Two of the biggest names in golf will square off on Thanksgiving weekend when “The Match” takes place between Tiger Woods and Phil Mickelson.
Phil Mickelson and Tiger Woods are playing a winner-take-all, pay-per-view exhibition in Las Vegas over Thanksgiving weekend, for $9 million. I was against it until I heard both have agreed to donate the entire winner’s check to charity. And that each is putting up $9 mil of his own money.
Wait, what? That’s not true? Any of it?
Well whatever, never mind.
In reading all the news/hype stories that have accompanied this naked-greed grab – “fun’’ and “different’’ and “something that’s never been done before’’– a few words never came up.
So let’s be honest here. This isn’t golf. It’s vaudeville. It’s an exhibition hosted by a couple middle-aged players, ruined finery essentially, seeking a means to make a lot of money for doing almost nothing.
Excuse me. That’s not right. Phil says it’s a way to “bypass all the ancillary stuff of a tournament and just go to a head-to-head.”
Of course. Why bother making a cut or contending on Sunday or, you know, actually winning an event when you can scrap all that ancillary stuff and get right to the making-millions part?
Money for nothing. Chipshots for free.
Originally, the payout was going to be $10 million, but the PGA objected. It didn’t want a phony-baloney exhibition paying the same money the Tour pays the winner of the FedEx Cup playoffs.
So, a mere $9 million.
At least now we know why Tiger and Phil have pretended to be buds recently (practice rounds together at the Masters and Firestone) and why Mickelson just last week decided to create a Twitter account.
Soon enough, each will be hurling pseudo insults at the other, hoping to pump the pay-per-view:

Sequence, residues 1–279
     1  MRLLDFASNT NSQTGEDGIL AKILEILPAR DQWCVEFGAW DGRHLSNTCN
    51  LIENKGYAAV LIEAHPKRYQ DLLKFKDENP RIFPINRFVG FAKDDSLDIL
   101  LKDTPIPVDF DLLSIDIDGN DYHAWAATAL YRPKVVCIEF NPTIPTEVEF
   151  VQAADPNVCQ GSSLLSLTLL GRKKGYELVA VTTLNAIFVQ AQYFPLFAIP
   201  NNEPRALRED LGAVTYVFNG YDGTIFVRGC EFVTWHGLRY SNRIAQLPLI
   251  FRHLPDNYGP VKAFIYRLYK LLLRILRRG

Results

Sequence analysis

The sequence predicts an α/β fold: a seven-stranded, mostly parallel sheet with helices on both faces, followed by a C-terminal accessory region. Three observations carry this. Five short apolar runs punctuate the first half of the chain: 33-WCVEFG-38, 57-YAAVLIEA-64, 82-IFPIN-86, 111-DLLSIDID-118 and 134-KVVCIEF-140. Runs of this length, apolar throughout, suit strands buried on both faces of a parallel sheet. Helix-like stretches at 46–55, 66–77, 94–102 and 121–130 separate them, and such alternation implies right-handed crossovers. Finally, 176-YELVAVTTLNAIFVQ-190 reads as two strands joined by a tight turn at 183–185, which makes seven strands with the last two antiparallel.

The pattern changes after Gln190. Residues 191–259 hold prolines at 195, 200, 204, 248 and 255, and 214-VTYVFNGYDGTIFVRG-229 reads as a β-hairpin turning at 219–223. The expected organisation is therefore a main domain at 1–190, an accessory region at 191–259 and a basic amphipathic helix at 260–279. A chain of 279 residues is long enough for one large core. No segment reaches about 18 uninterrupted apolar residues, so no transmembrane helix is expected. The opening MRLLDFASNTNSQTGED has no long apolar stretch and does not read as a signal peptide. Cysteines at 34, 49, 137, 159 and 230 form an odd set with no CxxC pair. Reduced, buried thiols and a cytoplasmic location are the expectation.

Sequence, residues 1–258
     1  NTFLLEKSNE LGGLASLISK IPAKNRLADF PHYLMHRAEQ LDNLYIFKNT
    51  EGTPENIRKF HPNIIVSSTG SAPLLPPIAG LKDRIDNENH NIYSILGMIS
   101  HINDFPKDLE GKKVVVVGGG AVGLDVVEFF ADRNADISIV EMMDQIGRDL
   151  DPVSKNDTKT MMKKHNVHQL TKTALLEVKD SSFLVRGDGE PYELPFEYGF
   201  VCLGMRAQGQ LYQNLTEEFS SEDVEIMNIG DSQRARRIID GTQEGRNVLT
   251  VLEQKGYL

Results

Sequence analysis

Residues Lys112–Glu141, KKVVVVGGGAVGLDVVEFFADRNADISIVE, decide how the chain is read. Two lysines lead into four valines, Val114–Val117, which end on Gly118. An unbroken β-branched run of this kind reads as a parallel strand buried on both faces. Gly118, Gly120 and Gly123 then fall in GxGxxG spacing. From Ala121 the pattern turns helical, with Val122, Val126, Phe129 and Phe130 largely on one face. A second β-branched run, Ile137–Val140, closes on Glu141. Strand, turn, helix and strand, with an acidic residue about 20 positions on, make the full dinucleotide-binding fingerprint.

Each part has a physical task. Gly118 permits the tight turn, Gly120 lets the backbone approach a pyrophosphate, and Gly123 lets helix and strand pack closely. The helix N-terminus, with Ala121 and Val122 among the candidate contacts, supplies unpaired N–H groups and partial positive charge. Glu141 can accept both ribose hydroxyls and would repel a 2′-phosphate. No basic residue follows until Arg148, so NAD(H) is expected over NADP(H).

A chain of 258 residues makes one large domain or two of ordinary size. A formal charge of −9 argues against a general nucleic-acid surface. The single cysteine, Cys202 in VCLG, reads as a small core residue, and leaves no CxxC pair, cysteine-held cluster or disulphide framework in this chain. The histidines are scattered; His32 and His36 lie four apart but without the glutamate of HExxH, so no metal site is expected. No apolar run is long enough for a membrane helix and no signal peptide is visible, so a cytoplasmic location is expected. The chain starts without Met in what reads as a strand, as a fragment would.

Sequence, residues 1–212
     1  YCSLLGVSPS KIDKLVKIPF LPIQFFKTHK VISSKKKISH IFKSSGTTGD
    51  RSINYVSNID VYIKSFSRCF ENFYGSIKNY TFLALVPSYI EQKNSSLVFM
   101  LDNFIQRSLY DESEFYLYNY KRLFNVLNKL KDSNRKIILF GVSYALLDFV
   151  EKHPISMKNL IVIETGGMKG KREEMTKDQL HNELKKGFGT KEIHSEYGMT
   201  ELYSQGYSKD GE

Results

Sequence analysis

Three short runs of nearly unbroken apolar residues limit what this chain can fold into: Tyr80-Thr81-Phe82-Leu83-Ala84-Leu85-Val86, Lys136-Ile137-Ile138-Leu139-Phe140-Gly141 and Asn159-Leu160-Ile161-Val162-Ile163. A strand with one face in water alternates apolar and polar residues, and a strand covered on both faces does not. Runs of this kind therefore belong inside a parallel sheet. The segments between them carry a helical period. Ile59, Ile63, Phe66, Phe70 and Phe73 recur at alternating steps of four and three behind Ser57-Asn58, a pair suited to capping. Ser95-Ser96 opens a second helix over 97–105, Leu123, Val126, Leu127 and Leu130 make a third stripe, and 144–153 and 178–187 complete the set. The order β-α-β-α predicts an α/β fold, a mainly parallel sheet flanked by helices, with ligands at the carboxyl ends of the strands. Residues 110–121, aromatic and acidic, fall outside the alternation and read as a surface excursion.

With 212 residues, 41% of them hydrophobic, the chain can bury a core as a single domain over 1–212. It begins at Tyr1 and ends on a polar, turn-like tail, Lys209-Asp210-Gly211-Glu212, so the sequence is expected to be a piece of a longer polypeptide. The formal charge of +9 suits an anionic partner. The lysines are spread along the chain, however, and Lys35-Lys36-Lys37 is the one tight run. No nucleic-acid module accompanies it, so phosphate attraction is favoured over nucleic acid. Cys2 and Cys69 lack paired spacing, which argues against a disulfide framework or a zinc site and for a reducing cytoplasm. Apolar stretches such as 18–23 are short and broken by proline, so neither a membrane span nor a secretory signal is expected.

“Your argyle socks are a joke!’’
“I could beat you with Old Tom Morris’ niblick and spoon!”
“You’re… you’re… a Democrat!’’
Fact is, they could take or leave one another if they weren’t suddenly partners in flim-flammery. And as much as we tried to create a rivalry between them, there never was one. Tiger owned Phil. They both knew it. Woods: 79 Tour wins, 14 major titles; Phil, 43 and five.
For the record, Woods net worth rested at $740 million at the end of 2016, according to Forbes. Mickelson checked in at a hand-to-mouth $375 million. In 2016 alone, Mickelson pulled in $50 million from endorsements. Phil – mouthpiece for Callaway, Barclays, KPMG, Exxon Mobil, Rolex and Amgen – is more corporate than a repp tie. Meantime, maybe Tiger can roll in to Vegas in one of those Buicks he liked so much. Young Tiger Woods, in a Buick. Right.
It’s easy to see why neither guy is anxious to part with a few dimes for charity.
We don’t know yet how much will be charged the average fan to clog the pockets of Tiger or Phil – one report has it at $24.99 – but Tiger assured us it’ll all be fine.
“I think they can afford it,’’ decided Woods, whose early career included a broad reputation for stiffing restaurant servers. “You know, how many times have we all purchased fights, whether it’s MMA or boxing, whatever it may be?’’
In this corner, zero. Zero times.
The difference is, MMA and prize fights are legitimate forms of competition. Something is on the line. In this thing, you either make $9 mil or leave on the $740 million horse you rode in on.
As a very little kid, I watched bits of Shell’s Wonderful World of Golf on NBC on Saturday afternoons. It showcased greats such as Jack Nicklaus and Sam Snead, playing a match. Golf really is good at producing head-to-head drama. The difference then was, nobody was paying to watch it on his Philco “TV set’’ at home. And the participants weren’t making more in a day than Harry Hacker makes in a lifetime.
The prototype for this Thanksgiving weekend turkey was the Showdown at Sherwood in 1999. It featured Woods and David Duval in primetime on ABC. The winner got $1.1 million, the loser $400,000. Woods and Duvall each agreed to donate $200,000 to charity.
This ain’t that.
Phil likes to gamble. Why shouldn’t his bookie or his Guy or whoever arrive at the course with a briefcase full of Grover Clevelands? Woods could offer up the pink slip to his yacht. I’d pay to see that.
Failing that, the Octagon would do.